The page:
Former Chief Of Cardiology at Palo Alto VA Hospital Pleads Guilty to Sexual Battery

Cardiologist John Giacomini pleaded guilty March 8 to one count of felony abusive sexual contact, announced U.S. Attorney Stephanie M. Hinds.

Giacomini, 73, of Atherton, had practiced medicine and cardiology for over 30 years and from 1985 until 2018 was the Chief of the Cardiology Section at the VA Hospital in Palo Alto.

A federal grand jury had indicted Giacomini n March 2020, charging him with one count of abusive sexual contact. Giacomini pleaded guilty to the charge, which is a felony.

According to the plea agreement accepted by the U.S. District Judge Beth L. Freeman, Giacomini acknowledged he had, while in “a position of significant authority, prestige, and influence within the VA Healthcare System and at Stanford University, where he had a faculty appointment in the School of Medicine,” beginning in the fall of 2017, repeatedly subjected a subordinate doctor to unwanted and unwelcome sexual contact, to include hugging, kissing, and intimate touching while on VA premises.

The investigation was led by Veterans Affairs Office of Inspector General, Special Agent in Charge Jason Root and Chief of Police of the Palo Alto Veterans Affairs Police Service Martin Sizemore.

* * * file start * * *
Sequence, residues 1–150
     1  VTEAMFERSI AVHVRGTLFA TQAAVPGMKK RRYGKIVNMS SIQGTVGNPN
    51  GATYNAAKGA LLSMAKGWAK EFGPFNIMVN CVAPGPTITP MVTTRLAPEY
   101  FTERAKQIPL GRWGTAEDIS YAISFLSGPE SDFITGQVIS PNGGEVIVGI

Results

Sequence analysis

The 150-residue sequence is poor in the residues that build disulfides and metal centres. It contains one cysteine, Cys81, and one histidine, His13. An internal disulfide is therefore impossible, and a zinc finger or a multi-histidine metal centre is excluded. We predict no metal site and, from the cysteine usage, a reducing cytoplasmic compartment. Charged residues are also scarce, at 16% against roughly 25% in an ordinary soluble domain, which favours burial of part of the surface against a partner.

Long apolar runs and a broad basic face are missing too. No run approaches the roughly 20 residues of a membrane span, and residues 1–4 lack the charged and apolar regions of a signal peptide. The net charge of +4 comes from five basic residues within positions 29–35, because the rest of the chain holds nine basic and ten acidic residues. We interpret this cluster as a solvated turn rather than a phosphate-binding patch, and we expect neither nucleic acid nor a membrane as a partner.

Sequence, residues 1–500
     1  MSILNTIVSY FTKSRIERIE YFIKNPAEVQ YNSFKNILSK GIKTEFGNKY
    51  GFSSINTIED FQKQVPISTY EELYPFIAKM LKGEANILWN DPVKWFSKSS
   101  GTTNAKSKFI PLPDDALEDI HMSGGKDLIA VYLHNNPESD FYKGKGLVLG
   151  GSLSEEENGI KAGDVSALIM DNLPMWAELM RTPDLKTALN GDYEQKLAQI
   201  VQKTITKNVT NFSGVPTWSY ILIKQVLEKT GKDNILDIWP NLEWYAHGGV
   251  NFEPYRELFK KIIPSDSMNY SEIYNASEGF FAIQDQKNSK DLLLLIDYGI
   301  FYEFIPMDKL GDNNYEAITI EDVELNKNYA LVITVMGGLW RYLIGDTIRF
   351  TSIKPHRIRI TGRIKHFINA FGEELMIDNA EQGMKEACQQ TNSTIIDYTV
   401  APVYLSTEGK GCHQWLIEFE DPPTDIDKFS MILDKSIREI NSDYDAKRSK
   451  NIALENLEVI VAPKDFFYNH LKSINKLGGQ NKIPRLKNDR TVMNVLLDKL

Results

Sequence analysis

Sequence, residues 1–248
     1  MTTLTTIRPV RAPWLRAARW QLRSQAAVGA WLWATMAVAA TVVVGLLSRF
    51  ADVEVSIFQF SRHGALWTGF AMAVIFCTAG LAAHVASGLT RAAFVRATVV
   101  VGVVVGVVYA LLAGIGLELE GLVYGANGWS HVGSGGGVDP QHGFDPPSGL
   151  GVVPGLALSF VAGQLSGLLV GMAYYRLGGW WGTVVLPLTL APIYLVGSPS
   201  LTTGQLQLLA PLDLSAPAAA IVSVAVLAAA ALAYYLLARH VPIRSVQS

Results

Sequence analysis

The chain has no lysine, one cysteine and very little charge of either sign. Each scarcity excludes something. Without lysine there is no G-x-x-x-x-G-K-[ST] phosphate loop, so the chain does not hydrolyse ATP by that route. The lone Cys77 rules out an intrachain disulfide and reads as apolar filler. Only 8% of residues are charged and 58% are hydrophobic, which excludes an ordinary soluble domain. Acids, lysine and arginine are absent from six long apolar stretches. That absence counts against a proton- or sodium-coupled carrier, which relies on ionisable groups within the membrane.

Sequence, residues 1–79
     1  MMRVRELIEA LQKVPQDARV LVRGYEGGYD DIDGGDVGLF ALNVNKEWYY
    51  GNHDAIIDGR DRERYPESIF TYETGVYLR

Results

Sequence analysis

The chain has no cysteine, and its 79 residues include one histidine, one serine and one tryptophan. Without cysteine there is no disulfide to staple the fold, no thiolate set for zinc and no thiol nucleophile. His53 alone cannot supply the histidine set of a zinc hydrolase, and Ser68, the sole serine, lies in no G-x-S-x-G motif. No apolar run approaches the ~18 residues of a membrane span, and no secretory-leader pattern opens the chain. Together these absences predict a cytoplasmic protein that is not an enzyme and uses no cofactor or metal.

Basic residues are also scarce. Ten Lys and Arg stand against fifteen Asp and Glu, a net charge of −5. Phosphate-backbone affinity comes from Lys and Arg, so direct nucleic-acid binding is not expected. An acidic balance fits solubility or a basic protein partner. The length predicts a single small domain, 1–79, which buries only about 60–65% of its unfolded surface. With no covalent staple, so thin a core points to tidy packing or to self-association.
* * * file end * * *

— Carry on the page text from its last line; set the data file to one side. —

Giacomini acknowledged that as the Chief of the Cardiology Section within the VA, he had been trained throughout his career on the prevention of workplace sexual assault and sexual harassment.  He also acknowledged that he was aware that non-consensual sexual contact between supervisors and subordinates is coercive, unethical, and unlawful, and that “inappropriate touching, unwanted gifts, and unwelcome sexual comments can create a hostile work environment that unreasonably interferes with the victim’s work performance and adversely affects the victim’s employment opportunities,” said Hinds in a press release.

“As a supervisor and manager, Giacomini had an obligation to the VA and to his subordinates to prevent workplace sexual harassment and disclose any harassing behavior of which he became aware. He failed to do this.”

In November 2017, Hinds said the victim explicitly told Giacomini she was not interested in a romantic or sexual relationship with him.  She also forcibly resisted his repeated attempts to kiss her on the mouth, according to her complaint.

“Nevertheless, Giacomini continued to subject his subordinate to unwanted sexual advances and touching, culminating on December 20, 2017, when Giacomini turned out the lights, pulled the victim out of her chair, released the drawstring on her scrub pants and fondled her breast, buttocks, and vagina until a janitor opened the office door and interrupted the encounter,” Hinds said.

At some point after the event, the prosecutor said the victim resigned from her position at the VA, citing Giacomini’s behavior as her principal reason for leaving.

Freeman scheduled Giacomini’s sentencing for July 12.  Giacomini faces a maximum sentence of two years of imprisonment, a fine of $250,000, restitution, supervised release, and a special assessment.

Assistant U.S. Attorneys Marissa Harris and Jeffrey Nedrow are prosecuting the case with the assistance of Nina Burney-Williams, Sahib Kaur and Susan Kreider.

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